The coronavirus outbreak has caused mayhem around the world, forcing countries to lock down, schools to shut down, and grocery stores to sell out. Millions of individuals are in isolation to prevent infection of the virus, and the flow of urban life has been on pause. With the coalition of reduced traffic, commercial activity, and industrial activity, there has been a dramatic decline in air polluting emissions. For example, according to NASA, China's carbon emissions have dropped by a quarter, and its levels of nitrogen dioxide has dropped 30% (NPR, 2020). Another example can be seen in Madrid where the average nitrogen dioxide levels declined by 56% week-on-week after the Spanish government banned non-essential travel on March 14. Numerous other locations reflect the situation in China and Madrid, revealing the positive impact quarantine has had on the environmental side of things. Though, this beneficial effect on the environment and people is temporary. It will be a matter of time until the coronavirus settles down and countries resume their heavy-pollutant lifestyle. Where does air pollution come from? Air pollution is derived from a multitude of factors: massive power plants, driving cars, agricultural activity — basically, most human activities. Air pollution degrades the quality of air, making it difficult for humans, animals, and plants to live, and accumulated 8.8 million premature deaths worldwide in 2015 (Gesellschaft, 2020). This type of pollution leaves individuals vulnerable to respiratory diseases such as lung cancer, bronchitis, and emphysema, and it even leaves individuals more susceptible to contracting the coronavirus (Biggers, 2020).
In addition, it is one of the biggest contributors to climate change. When air pollutants such as carbon monoxide and sulfur dioxide are released into the atmosphere, heat becomes trapped on the planet's surface. This has led to warming oceans and melting glaciers, as a result. So what can we do to mitigate air pollution? Air pollution has constantly wreaked havoc on our planet and our people, but that doesn't mean we can't subvert the outcome. If everyone played their part, the effects of air pollution would no longer be detrimental, and it would take us one step closer to defeating climate change. Now, here are some things anyone can start doing in their everyday lives to reduce pollution (EPA, 2018): - Carpool, use public transportation, bike, or walk whenever possible. - Mulch or compost leaves and yard waste. - Conserve electricity and set air conditioners no lower than 78 degrees. - Refuel your car in the evening when its cooler. - Reduce or eliminate fireplace and wood stove use. - Be sure your tires are properly inflated. - Follow gasoline refueling instructions for efficient vapor recovery, being careful not to spill fuel and always tightening your gas cap securely. Tackling this issue needs to be a team effort. We can not depend solely on our government to enforce regulation; rather, we need to depend on ourselves and others to make the effort to change. In the end, even the smallest change can and will lead to a big difference in the world.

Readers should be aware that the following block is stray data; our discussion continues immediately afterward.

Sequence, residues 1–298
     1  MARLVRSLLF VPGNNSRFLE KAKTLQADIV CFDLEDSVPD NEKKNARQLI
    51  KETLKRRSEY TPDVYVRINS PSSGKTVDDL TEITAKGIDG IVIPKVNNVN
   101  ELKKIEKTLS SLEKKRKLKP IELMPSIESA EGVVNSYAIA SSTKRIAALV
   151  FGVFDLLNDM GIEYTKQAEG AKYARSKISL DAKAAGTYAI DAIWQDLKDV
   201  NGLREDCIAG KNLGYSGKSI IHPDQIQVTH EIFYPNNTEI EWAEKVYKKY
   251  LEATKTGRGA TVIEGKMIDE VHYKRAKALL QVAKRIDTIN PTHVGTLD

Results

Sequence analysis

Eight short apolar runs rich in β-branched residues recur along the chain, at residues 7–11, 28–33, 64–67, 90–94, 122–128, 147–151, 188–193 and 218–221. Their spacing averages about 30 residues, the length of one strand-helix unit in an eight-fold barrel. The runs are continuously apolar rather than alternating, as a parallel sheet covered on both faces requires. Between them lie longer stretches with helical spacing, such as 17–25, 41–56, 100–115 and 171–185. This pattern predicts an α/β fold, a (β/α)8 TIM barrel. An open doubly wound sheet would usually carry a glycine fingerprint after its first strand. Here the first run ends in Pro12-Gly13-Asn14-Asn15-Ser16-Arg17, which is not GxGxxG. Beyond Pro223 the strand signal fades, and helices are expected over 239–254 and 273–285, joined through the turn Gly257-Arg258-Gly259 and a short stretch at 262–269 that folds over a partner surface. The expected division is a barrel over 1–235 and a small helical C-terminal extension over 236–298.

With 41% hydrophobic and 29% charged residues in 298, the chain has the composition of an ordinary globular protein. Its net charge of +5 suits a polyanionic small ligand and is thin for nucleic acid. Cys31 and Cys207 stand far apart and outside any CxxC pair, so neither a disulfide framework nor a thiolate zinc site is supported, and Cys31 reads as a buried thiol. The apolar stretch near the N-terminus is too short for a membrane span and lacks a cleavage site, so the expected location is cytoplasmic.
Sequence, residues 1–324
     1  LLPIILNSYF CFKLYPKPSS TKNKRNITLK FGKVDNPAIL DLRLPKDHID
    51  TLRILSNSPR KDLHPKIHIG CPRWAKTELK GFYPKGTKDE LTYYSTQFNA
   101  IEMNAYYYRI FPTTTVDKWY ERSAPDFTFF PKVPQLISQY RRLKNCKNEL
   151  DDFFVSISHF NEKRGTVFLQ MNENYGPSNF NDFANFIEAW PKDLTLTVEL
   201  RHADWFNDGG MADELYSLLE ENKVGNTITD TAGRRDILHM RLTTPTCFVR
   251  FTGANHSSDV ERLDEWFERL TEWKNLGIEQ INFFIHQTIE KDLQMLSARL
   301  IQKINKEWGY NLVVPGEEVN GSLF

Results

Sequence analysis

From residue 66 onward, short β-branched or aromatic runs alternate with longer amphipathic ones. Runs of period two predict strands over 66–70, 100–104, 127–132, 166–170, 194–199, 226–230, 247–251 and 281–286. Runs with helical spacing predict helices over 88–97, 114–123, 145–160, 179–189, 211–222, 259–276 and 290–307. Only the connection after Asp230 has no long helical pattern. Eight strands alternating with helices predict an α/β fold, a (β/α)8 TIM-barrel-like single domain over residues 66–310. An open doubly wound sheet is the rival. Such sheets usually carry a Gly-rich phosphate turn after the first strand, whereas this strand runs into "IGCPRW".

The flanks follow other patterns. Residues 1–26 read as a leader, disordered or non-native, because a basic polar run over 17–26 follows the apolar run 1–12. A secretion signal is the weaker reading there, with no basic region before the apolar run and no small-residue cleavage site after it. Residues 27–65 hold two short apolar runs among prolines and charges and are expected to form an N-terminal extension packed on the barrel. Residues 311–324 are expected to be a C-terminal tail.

National Public Radio (NPR). (2020, March 4). Why China's Air Has Been Cleaner During The Coronavirus Outbreak . Retrieved March 28, 2020, from https://www.npr.org/sections/goatsandsoda/2020/03/04/811019032/why-chinas-air-has-been-cleaner-during-the-coronavirus-outbreak.
Gesellschaft, M. (2020, March 5). Air pollution is one of the world's most dangerous health risks. Retrieved March 28, 2020, from https://www.sciencedaily.com/releases/2020/03/200305135048.htm.
New York Post (NYPost). (2020, March 30). Air pollution decreases across Europe as coronavirus locks down major cities. Retrieved March 29, 2020, from https://nypost.com/2020/03/30/air-pollution-decreases-across-europe-as-coronavirus-locks-down-major-cities/.
United States Environmental Protection Agency (EPA). (2018, September 27). Actions You Can Take to Reduce Air Pollution. Retrieved March 29, 2020, from https://www3.epa.gov/region1/airquality/reducepollution.html.
Biggers, A. (2020, January 10). How does air pollution affect our health? Retrieved March 29, 2020, from https://www.medicalnewstoday.com/articles/327447.